– Elephant, continued on page 2

The Elephant Gap
Delegates, in case you haven’t noticed, there is an elephant roaming the halls of the Moon Palace, and it weighs something like 9 gigatonnes. As reaffirmed by UNEP in its new Emissions Gap Report, the climate pledges made in Copenhagen fall far short of what is needed to limit global temperature rise to less than 2o C, and even further below a 1.5o C limit which is needed

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CLIMATE NEGOT I AT I O NS
worse. The list goes on. The EU is promoting an 8-year commitment period, freezing the current low level of ambition in place for the remainder of this decade. Russia and Ukraine insist on flooding the next commitment period with hot air from the first. The Umbrella countries have trouble acknowledging that there is any gap at all. It should be obvious that just implementing their Copenhagen pledges won’t do the trick.
– Elephant, continued from page 1

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In the coming days ECO expects countries to act on the UNEP report. First, they need to drop the proposed accounting rules and loopholes that will expand rather than close the Gigatonne Gap. In addition, while grappling with proposals to anchor the Copenhagen pledges in the UNFCCC, they should also fully acknowledge the existence of the gap and commit to a timely process to close it as rapidly as possible – before the elephant stampedes across the planet.

Loss & Damage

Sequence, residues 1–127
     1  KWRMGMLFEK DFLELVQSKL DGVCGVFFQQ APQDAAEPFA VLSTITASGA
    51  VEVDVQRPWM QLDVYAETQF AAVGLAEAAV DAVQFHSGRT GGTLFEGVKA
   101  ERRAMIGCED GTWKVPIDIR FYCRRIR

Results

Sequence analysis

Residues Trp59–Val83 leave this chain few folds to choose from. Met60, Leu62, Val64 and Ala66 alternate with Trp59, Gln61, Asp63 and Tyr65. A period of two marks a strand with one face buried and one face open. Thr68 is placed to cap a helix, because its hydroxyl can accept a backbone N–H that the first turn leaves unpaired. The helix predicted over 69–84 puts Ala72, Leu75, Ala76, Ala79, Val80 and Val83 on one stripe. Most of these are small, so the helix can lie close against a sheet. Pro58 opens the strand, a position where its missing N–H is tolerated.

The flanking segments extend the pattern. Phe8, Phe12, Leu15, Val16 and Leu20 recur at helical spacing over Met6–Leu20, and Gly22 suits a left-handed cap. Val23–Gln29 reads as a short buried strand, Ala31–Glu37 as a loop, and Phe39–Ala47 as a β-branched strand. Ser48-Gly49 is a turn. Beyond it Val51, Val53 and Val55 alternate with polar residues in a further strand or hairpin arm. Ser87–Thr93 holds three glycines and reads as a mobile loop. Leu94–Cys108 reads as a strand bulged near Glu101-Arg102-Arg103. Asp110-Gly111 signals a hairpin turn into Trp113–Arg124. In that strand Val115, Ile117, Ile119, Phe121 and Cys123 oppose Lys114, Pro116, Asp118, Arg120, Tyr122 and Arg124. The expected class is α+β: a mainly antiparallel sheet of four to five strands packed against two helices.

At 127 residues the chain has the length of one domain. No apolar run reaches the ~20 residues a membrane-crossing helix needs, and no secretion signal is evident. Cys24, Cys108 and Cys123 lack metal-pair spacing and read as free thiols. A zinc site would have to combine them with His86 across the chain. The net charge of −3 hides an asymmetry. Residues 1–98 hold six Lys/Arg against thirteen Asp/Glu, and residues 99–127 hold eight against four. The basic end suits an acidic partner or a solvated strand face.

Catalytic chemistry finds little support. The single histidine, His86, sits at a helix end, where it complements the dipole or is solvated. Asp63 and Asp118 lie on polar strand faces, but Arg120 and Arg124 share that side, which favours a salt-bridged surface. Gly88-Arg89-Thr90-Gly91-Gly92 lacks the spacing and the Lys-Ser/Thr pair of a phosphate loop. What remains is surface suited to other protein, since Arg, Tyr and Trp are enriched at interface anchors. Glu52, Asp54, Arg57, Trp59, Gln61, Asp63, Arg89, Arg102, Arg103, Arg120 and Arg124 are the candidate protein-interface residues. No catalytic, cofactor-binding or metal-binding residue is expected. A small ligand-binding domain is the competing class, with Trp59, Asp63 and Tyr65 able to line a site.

Damage to ‘Mother Earth’ due to climate change is already happening. Loss and damage, such as severe flooding, sea level rise, glacial retreat, ocean acidification and loss of biodiversity – these are effects that would not be happening in a world without substantial climate change. The recent floods in Pakistan prove the point of how serious this really is. Island states such as Tuvalu, Kiribati, the Maldives and many others where much of the land area is less than 1 metre above sea level face the prospect of submersion. And where the inundation of their land is not complete, as well as low-lying coastal regions globally, there will be dramatic degradation of anything remaining above water. No wonder that throughout the Pacific region, plans are being made to relocate whole populations. This reality check provides some context for the reference to loss and damage in the Chair’s LCA text. That provides a positive signal but is not yet at the level of seriousness it deserves. The COP must take a decision here at COP 16 to mandate an elaboration of a mechanism to address loss and damage. To be certain, addressing loss and damage on the regional and national level is not easy. It requires the active participation of a broad range of stakeholders and mobilization of expertise such as risk reduction practitioners, scientists, the insurance industry, etc. Such engagement cannot be achieved with only weak recognition of the issue. A work programme including workshops is needed to develop modalities for the mechanism to be approved by COP 17. ECO also highlights that the scope of the mechanism on loss and damage clearly depends on the level of ambition in mitigation (which as of now is far short of adequate) and concrete adaptation actions to enhance the resilience of the most vulnerable people and ecosystems.